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Iraqi troops condemned, threatened for fighting; at least 200 desert

BAGHDAD, Iraq—U.S. military officials said Monday that at least 200 Iraqi troops had deserted their posts in the American-led offensive on Fallujah, illustrating the predicament faced by men who are torn between orders from commanders and outrage from their countrymen.

Prominent Iraqi clerics, including influential Sunni Muslims and top aides to rebel Shiite Muslim cleric Muqtada al-Sadr, condemned the Iraqi troops who were serving alongside Americans in Fallujah, the Sunni stronghold 40 miles west of Baghdad. The insurgent council that's controlled Fallujah for the past six months threatened to behead Iraqi troops who entered the city to "fight their own people."

The U.S. military and Iraqi commanders estimated that up to 200 Iraqi troops had resigned, with another 200 "on leave."

"Some people were afraid because they received threats," said Sgt. Abdul Raheem, an Iraqi soldier. "They were afraid of death."

Clerics in Fallujah blasted the Iraqi troops in a statement, calling them "the occupiers' lash on their fellow countrymen."

"We swear by God that we will stand against you in the streets, we will enter your houses and we will slaughter you just like sheep," the statement said.

Prime Minister Iyad Allawi made a surprise visit Monday to bolster the morale of Iraqi troops at the Camp Fallujah base. The men gathered around him and sang and danced to show their allegiance to Iraq and to him. In a rousing speech punctuated by their cheers, Allawi told the young men they were making history.

"The people of Fallujah have been taken hostage just like the people of Samarra, and you need to free them," Allawi said. "Your job is to arrest the killers, but if you kill them, let it be."

"May they go to hell!" the soldiers cried.

"To hell they will go," Allawi answered.

The Association of Muslim Scholars, a Sunni umbrella group said to include 3,000 mosques, issued a religious edict calling for all Iraqi soldiers, national guardsmen and police officers to quit immediately or become legitimate targets for the rebels. The fatwa included a warning to the forces not to repeat the experience of Najaf, where Iraqis joined an American-led effort to crush al-Sadr's uprising in the southern Shiite holy city in August.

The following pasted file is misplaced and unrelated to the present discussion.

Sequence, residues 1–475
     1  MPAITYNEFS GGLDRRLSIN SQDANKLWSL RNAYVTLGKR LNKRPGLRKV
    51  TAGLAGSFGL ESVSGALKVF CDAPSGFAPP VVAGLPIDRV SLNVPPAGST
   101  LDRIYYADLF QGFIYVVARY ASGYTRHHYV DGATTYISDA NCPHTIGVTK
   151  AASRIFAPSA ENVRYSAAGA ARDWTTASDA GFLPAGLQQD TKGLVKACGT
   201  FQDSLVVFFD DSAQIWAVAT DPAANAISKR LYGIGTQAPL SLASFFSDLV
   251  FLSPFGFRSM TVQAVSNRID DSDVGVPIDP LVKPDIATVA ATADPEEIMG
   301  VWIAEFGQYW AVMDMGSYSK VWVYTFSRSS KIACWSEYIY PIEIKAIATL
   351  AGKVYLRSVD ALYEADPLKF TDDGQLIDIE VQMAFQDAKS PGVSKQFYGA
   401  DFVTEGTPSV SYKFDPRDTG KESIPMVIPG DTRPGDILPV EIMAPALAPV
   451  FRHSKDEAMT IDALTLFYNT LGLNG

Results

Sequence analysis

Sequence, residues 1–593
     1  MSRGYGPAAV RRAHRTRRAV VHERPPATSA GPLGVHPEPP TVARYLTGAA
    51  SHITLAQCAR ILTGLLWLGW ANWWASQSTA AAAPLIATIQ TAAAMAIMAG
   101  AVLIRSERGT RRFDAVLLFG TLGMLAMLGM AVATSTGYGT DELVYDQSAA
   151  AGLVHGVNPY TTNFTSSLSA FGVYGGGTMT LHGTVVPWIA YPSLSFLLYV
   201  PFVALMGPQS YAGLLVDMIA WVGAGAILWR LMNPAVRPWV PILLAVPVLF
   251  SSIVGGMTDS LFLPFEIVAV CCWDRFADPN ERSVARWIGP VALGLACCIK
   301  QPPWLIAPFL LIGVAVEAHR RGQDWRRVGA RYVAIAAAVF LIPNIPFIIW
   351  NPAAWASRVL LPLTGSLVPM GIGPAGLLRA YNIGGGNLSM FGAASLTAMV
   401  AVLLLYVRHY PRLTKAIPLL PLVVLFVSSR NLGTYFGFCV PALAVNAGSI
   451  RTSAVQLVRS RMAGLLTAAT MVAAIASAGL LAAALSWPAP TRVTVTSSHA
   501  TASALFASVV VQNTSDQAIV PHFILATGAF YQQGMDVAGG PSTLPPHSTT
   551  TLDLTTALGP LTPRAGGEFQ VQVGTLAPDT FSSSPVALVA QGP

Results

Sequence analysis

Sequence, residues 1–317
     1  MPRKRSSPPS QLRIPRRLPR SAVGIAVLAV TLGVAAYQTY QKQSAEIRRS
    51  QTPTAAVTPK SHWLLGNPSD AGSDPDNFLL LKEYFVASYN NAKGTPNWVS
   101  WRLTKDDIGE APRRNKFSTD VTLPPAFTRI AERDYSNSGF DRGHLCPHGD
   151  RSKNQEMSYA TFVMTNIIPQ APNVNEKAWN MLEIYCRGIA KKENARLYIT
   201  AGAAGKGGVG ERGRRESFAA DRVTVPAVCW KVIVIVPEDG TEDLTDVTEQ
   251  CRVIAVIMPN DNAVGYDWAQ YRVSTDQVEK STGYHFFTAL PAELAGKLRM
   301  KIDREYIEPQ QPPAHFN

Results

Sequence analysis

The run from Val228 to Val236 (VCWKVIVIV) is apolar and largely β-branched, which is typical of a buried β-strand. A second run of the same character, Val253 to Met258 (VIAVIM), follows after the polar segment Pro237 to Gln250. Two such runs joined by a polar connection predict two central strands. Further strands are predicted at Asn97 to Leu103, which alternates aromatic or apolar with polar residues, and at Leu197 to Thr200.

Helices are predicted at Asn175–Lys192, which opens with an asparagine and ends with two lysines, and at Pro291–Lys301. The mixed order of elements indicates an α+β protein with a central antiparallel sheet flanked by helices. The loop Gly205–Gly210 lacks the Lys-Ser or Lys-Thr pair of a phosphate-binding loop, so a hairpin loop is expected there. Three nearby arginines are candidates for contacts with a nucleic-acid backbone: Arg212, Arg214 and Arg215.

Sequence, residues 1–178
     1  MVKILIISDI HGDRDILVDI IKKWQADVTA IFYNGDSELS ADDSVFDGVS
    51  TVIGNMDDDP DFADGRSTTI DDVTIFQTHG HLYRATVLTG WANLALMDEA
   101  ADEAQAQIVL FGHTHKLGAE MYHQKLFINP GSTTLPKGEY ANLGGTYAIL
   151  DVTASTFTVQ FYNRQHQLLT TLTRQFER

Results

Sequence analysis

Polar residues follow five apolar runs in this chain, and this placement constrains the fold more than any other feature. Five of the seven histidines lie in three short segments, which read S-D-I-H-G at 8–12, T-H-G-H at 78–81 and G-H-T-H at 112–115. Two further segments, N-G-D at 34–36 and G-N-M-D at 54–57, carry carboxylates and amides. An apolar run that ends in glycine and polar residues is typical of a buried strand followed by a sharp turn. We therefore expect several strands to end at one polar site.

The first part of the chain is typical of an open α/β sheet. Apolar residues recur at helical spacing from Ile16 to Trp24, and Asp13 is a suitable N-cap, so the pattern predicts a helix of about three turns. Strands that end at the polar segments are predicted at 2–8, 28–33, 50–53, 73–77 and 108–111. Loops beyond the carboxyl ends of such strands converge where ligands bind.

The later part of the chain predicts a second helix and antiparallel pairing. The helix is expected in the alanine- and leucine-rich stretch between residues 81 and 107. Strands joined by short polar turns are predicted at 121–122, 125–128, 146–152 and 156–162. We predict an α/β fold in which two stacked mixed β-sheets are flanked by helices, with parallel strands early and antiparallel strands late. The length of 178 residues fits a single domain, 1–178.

Hundreds of Iraqi troops are playing a support role in Fallujah, mainly providing security for areas that American forces already have cleared.

Fallujah isn't the first battle to elicit mass desertions by Iraqi troops. Hundreds were reported in the August standoff over Najaf, and many troops reportedly deserted the last time U.S. troops entered Fallujah, in April.

"Those who kill Iraqis are not Iraqis," said Sheik Mohammed Bashar al Faidhi of the scholars' association. "We told them: You made a terrible mistake in Najaf. Be careful not to repeat this experience because the occupier will leave one day, but the people will stay."

Sheik Abdulhadi al Darraji, the head of an al-Sadr office in Baghdad, said militant Shiites also condemned the incursion into Sunni territory.

"They shouldn't be tools in the hands of the occupiers," he said. "An assault against Fallujah is an assault against all Iraqis."

Despite the desertions, Iraq's nascent security forces celebrated two apparent victories Monday. In the flash-point town of Iskandariyah, a deadly zone south of Baghdad, Iraqi police disguised as civilians ambushed a rebel checkpoint and killed 25 insurgents, according to Iraqi government officials.

A Babylon province intelligence officer who wouldn't give his name for security reasons told Knight Ridder that 60 officers stormed the checkpoints and sustained no casualties. The all-Iraqi operation came after a string of large-scale attacks on Iraqi security personnel throughout the country.

"They were criminal, armed terrorists and we destroyed them all," the officer said.

The second success was part of the initial push into Fallujah late Sunday night. Men described as elite Iraqi commandos backed by U.S. troops stormed across a bridge and took over Fallujah's main hospital amid enemy fire, according to a news release from the Iraqi government. Four suspected foreign fighters, including two Moroccans, were seized in the operation just outside the city on the western bank of the Euphrates River.

The Iraqi forces blasted open doors and handcuffed patients as they searched the building for gunmen, American military spokesmen said.

Medical staff at the scene offered a different version: An overzealous, thuggish band of Iraqi troops stormed a place where there were no rebels and terrified ill and injured patients.

"They looted from us, they hurt us and they didn't respect the jobs we were trying to do," said Khaled Hindi, 38, an ambulance driver, who said Iraqi forces stole his cell phone and money. "There were fighters outside the hospital, but there were none inside."

Just before the battle began, Iraqi Defense Minister Hazem Shaalan addressed the Iraqi troops at Camp Fallujah.

"I swear by God we will fight until the last drop of our blood," he said. "When we came to Iraq with the coalition forces, our decision was to build Iraq through its sons. Today is your day, and jihad is for you—not for those rats."

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(Allam reported from Baghdad, Lasseter from Fallujah. Knight Ridder Newspapers special correspondents Qassim Mohammed in Najaf and Shatha al Awsy in Baghdad contributed to this report.)

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(c) 2004, Knight Ridder/Tribune Information Services.

Iraq

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